All plants in the onion family including three-cornered leeks are poisonous to dogs. Keep dogs away from the plant and wash their paws if they come into contact with it.

    Project Neptune was started by the National Trust in 1965 to purchase and protect large portions of the British coastline. By 1973 it had achieved its target of raising £2 million and 338 miles of coastline were looked-after. The project was so successful that it is still running although mainly focused on maintenance. There is still an occasional opportunity when privately-owned coastal land is sold. A particularly notable one was in 2016 when the land at Trevose Head was put up for sale and successfully purchased by the National Trust.

    In 1981 the National Trust put in a bid for £1 million using funds from Project Neptune to buy the coastline at Lands End.

  37. Turn right onto the waymarked path and follow it to some stone steps over a boulder leading into a field. Enter the field and follow the path ahead beneath the telegraph pole with a white rectangle to reach a kissing gate.

    Between the two species, some gorse is almost always in flower, hence the old country phrases: "when gorse is out of blossom, kissing's out of fashion" (which is recorded from the mid-19th century) and "when the furze is in bloom, my love's in tune" (which dates from the mid-18th century). Common gorse flowers are bright yellow. Western gorse flowers are very slightly more orange - more like the colour of the "yolk" in a Cadbury's creme egg. Also like creme eggs, gorse flowers are edible but are significantly better for use in salads and to make a tea, beer or wine.

    The development of Land’s End as a tourist attraction began back in the mid 1850s. It was owned by many generations of a local family who oversaw the development until 1980.

    In 1982, Land's End was purchased by Welsh businessman David Goldstone for 2.25 million, outbidding the National Trust who were hoping to prevent over-commercialisation. In 1983, Goldstone introduced an admission charge which lead to riots with people lying across the road to block traffic. It was sold again in 1987 for 7 million to Peter De Savary. Two new buildings were constructed and the theme park was created.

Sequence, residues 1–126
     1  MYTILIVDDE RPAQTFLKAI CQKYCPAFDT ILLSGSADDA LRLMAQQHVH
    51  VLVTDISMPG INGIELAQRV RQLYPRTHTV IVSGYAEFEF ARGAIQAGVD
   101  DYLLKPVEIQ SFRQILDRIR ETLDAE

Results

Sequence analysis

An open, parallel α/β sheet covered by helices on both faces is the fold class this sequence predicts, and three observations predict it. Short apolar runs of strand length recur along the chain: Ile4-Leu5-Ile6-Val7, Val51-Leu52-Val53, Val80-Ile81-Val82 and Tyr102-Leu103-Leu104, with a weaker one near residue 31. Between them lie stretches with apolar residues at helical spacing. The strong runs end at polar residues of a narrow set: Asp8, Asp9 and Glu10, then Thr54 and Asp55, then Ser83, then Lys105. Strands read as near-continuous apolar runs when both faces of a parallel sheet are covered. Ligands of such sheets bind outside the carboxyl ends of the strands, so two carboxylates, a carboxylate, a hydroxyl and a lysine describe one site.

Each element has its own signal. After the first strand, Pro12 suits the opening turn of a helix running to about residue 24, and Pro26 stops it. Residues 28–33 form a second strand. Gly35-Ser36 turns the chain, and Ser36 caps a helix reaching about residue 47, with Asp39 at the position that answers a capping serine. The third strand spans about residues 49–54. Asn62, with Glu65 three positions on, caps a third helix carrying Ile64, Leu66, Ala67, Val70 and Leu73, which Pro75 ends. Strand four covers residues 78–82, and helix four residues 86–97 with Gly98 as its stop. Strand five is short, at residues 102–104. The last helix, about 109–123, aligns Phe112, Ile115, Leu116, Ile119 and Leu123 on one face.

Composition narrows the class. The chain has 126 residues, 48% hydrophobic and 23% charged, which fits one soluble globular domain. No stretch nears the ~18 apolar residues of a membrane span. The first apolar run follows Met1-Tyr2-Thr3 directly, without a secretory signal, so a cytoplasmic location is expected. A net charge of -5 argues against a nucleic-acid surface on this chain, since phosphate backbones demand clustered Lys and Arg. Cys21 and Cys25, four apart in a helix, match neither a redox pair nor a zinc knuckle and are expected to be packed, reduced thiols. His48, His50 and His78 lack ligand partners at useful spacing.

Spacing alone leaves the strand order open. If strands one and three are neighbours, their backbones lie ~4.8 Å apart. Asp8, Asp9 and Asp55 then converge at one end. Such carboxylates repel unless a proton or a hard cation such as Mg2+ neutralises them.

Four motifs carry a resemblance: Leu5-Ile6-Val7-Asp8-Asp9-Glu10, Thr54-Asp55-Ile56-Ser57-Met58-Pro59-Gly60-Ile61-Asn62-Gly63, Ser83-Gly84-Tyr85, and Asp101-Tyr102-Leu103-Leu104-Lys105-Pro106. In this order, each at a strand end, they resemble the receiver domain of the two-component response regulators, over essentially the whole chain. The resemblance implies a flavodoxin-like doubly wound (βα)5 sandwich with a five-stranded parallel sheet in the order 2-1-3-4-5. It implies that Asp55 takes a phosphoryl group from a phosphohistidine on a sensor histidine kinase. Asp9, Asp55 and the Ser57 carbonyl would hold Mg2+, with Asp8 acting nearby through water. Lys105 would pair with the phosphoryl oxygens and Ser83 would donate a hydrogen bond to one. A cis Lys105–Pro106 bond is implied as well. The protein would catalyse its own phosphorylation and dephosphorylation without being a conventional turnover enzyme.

38. Go through the gate and continue ahead to a stile just to the right of the gate opposite.

    The fields here are thought to be remnants of a mediaeval field system, some of which were terraced with earth and stone banks. Many of the fields would have originally been smaller, but some hedges have been removed over the years to create larger fields as farming became more industrialised.

  39. Cross the stile and cross the field towards the row of houses to reach a waymarked stile nestled between the boulders on the right of the gate.

    The granite at Lands End is quite distinctive with long, white crystals visible in the rocks. The body of granite stretches all the way to St Ives and is the reason that West Penwith is so rugged.

    The word granite comes from the Latin granum (a grain), in reference to its coarse-grained structure. Granite forms from a big blob of magma (known as a pluton) which intrudes into the existing rocks. The huge mass of molten rock stores an enormous amount of heat so the magma cools very slowly below the surface of the Earth, allowing plenty of time for large crystals to form.